Bring an extra-heavy overcoat and a healthy suspension of disbelief to “Wind Chill.” Not unlike the car that breaks down one frigid night and strands its passengers in the middle of nowhere, this intermittently effective thriller serves as a rickety vehicle for its two perfectly cast leads, working better as a slow-thawing two-hander than as a chilly ghost story. Lack of any kind of marketing push (or advance press screenings) should put the B.O. freeze on this pared-down genre exercise.
Fresh from her brilliantly acerbic turn in “The Devil Wears Prada,” British actress Emily Blunt dons a thick jacket and a spotless American accent to play a cranky college student trying to get home to Delaware for Christmas. She catches a ride with a random classmate (Ashton Holmes) who, it soon becomes clear, has been nursing a crush from afar on this sullen beauty.
After hours spent driving through a frozen, forebodingly beautiful stretch of wilderness, the young travelers take an ill-advised shortcut, only to get side-swiped by another car and end up stuck in a snow bank. With no food, no heat and no phone signal, they have a long, cold night ahead — one they will spend bickering, bonding and gradually coming to the realization (of course) that they’re not alone.
Script, penned by Joe Gangemi and Steve Katz, milks its scenario for both claustrophobic tension (the camera spends most of the time inside the car with the characters) and the broader unease of being lost in the middle of nowhere. Dan Laustsen’s icy-blue cinematography generates a palpable chill while extracting maximum anxiety from tight closeups, fogged-up windows and pitch-black shadows.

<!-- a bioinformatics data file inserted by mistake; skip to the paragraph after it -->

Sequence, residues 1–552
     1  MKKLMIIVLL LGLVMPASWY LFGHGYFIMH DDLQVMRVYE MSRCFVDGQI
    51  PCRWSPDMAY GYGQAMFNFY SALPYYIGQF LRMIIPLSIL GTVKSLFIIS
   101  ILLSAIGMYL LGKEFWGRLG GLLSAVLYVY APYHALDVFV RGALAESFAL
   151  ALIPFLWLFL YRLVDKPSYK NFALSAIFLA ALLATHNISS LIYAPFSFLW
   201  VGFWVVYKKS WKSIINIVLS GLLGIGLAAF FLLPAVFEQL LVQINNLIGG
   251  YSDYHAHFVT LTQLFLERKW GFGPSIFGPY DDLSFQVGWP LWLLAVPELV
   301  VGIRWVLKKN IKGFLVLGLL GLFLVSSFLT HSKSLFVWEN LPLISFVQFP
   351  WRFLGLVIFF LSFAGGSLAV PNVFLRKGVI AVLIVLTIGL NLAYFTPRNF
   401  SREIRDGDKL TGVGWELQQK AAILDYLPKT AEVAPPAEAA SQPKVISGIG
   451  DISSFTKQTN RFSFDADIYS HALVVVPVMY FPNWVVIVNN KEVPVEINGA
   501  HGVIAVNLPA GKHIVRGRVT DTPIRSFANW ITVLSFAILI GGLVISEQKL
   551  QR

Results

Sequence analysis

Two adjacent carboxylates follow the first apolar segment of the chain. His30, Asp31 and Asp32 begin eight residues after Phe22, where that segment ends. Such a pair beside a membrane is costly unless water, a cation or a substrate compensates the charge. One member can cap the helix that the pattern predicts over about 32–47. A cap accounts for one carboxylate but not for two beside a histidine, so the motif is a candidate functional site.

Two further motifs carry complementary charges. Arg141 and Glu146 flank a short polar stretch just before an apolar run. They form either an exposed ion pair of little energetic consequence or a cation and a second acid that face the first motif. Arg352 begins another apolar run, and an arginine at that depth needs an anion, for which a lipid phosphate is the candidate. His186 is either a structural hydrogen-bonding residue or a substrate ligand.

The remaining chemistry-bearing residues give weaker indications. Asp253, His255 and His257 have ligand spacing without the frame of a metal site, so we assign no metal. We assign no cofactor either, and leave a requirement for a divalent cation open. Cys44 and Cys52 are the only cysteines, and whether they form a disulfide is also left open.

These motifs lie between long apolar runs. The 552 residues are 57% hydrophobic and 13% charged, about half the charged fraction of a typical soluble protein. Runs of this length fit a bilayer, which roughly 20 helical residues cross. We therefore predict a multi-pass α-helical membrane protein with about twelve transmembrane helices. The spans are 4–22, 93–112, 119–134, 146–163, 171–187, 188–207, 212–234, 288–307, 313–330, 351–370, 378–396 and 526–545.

Early on, helmer Gregory Jacobs (whose first feature, the 2004 “Nine Queens” remake “Criminal,” was also produced by Section Eight) smartly hones in on the prickly rapport between his actors. Holmes once again embodies the awkward schoolboy innocence he displayed in David Cronenberg’s “A History of Violence,” leavening it this time with just a hint of something edgier.Blunt broadens her register as yet another bitch you can’t help but love, no matter how spoiled, cranky, sarcastic and paranoid she gets. Beneath its superficial scares, this is a tale of two lonely souls connecting in an age of isolation, a suggestion beautifully borne out by the first and final shots.
After a taut, character-driven first half, however, “Wind Chill” blows into increasingly nightmarish and ludicrous territory, introducing frostbitten ghouls, priestly apparitions, a nasty cop (Martin Donovan), and a cycle of hallucinations that suggest the characters may be dreaming as they freeze to death; pay close attention to their early dialogue about Nietzsche’s idea of eternal recurrence. On second thought, don’t.